“The greatest history book ever written is the one hidden in our DNA.”
The analysis of my DNA, as a participant in National Geographic’s Genographic Project, was published today and, as you would imagine, makes for fascinating reading – well, it does for me.
The story of humanity, our journey out of Africa, is becoming clearer than ever most of us would imagined just a few years ago and this project – which is “anonymous, nonmedical, and nonprofit, (with) all results placed in the public domain following scientific peer publication” – is quite amazing. I love how all of us can be citizen scientists, contributing to a shared understanding of our collective and personal past.
I was adopted as a child and do not have a great deal of information about my ancestry making this project extremely interesting on multiple levels. Without going into much personal detail, the results match with what I do know. Sitting this afternoon with my family and examining the story revealed, via a simple cheek swab, has been very stimulating and led to much discussion about our shared human story.
Before sharing the detail with you watch this video explanation from Dr Wells, the lead scientist on the project. Also, these videos from the National Geographic Youtube channel will help those who are truly enthusiastic understand the project from scientific (and other perspectives).
Who am I?
We compared your DNA results to the reference populations we currently have in our database and estimated which of these were most similar to you in terms of the genetic markers you carry. This doesn’t necessarily mean that you belong to these groups or are directly from these regions, but that these groups were a similar genetic match and can be used as a guide to help determine why you have a certain result. Remember, this is a mixture of both recent (past six generations) and ancient patterns established over thousands of years, so you may see surprising regional percentages.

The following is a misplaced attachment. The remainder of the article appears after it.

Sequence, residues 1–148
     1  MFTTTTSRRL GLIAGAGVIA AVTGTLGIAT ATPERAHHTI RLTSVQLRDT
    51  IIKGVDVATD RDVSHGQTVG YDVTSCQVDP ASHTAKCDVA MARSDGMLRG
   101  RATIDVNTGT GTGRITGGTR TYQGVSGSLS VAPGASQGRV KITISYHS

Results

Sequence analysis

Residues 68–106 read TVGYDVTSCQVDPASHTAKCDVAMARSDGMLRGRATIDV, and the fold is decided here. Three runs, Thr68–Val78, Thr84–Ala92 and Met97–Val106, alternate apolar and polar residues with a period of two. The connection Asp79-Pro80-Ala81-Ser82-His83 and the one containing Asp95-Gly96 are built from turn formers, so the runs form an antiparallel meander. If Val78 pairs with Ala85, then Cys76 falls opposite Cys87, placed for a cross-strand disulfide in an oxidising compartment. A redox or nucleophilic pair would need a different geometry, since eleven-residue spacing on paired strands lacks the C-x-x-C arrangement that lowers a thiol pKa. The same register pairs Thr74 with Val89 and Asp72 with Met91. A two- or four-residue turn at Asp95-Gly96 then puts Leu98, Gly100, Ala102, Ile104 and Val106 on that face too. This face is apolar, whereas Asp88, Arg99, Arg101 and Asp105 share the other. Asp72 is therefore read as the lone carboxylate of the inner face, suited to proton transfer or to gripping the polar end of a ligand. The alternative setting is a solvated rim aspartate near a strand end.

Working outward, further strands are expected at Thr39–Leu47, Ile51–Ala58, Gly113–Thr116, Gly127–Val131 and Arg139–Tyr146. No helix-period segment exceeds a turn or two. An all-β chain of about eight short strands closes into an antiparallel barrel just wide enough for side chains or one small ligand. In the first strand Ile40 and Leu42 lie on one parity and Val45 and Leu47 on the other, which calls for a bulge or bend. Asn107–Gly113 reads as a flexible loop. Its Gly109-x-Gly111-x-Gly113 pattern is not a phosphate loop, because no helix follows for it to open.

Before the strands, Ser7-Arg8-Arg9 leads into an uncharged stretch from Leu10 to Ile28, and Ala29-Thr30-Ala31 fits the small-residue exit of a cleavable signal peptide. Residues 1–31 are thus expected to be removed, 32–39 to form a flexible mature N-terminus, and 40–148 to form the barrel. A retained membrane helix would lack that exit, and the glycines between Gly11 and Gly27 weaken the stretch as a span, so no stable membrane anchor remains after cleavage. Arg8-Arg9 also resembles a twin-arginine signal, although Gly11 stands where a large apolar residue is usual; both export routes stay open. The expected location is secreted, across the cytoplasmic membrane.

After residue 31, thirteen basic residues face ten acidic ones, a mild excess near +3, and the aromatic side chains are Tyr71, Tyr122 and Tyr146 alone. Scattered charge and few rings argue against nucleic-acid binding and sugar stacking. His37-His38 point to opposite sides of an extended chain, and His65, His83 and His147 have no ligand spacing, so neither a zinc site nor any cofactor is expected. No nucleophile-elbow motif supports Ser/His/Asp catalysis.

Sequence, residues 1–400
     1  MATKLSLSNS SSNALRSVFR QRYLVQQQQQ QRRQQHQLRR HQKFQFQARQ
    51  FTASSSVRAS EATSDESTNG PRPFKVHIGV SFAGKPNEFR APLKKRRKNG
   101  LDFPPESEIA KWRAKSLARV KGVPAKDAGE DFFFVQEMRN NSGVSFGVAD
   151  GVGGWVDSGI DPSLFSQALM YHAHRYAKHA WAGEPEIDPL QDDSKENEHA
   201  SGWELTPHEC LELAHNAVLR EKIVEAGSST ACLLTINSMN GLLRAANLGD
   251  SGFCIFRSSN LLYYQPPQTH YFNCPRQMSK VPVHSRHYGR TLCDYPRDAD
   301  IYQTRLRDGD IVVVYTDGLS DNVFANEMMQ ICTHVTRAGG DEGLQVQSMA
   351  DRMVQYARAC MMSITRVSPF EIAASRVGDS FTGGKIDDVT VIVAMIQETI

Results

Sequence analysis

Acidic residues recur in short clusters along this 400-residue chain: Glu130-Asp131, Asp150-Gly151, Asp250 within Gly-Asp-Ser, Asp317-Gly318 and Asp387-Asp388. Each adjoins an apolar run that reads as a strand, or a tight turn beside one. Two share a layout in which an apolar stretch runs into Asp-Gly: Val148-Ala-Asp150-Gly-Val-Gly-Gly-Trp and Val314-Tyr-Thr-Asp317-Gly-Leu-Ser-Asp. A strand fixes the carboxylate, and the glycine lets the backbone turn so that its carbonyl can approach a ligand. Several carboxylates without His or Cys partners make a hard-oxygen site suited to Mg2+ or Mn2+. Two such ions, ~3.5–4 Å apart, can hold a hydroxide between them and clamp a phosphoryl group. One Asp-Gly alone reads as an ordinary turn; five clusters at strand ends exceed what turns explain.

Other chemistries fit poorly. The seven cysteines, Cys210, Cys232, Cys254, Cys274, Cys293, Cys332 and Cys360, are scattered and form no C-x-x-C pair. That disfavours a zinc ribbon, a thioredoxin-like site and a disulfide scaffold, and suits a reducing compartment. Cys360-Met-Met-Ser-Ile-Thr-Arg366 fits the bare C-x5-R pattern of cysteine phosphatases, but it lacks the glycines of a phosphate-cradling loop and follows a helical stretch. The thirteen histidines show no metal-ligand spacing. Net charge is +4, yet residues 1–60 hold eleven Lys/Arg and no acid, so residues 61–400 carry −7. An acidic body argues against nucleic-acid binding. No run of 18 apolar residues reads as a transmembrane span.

The briefest summary of the feedback follows:
My maternal ancestors took part in the early out of Africa migrations. They traveled across northeast Africa to Asia. In Asia, they lived a nomadic lifestyle on open grass savannas. Considered modern humans, my ancestors met and mixed with earlier hominids like the Neanderthals. My maternal branch is U4a1b
My paternal ancestors left Africa and settled around southeastern Europe. They then expanded north into the rest of Europe. They survived by hunting and finding wild food sources. In Europe, they met with those who were already there and formed new cultures that are reflected in the archaeological record. Thus, my cousins played an important role in the history of Europe. My paternal branch is I-M26
For friends and colleagues who know me well the above ‘reference’ group is fascinating. Maybe my appreciation of Denmark, when we lived in Viborg on exchange, was more than just an appreciation of the fine Danish people who we met and their sound democratic tradition. I am trying to understand more about the data but it is certainly an amusing and interesting part of the feedback from my simple cheek swab. I am happy to talk or privately discuss how both these reference groups fit my (limited) understanding of my heritage. Both make a great deal of sense and confirm some snippets of information on both maternal and paternal sides.
If you would like to join this inspiring project, I highly recommend you read more about it and if interested, participate as a citizen scientist and buy the kit. You should read about the science behind this project and here is a really useful glossary. You can follow Dr Wells and Genographic on twitter.
The following video is helpful for understanding what is entailed.
Who else has participated in this citizen science project? What did you discover?
Feature image: screenshot from the Genographic Project website.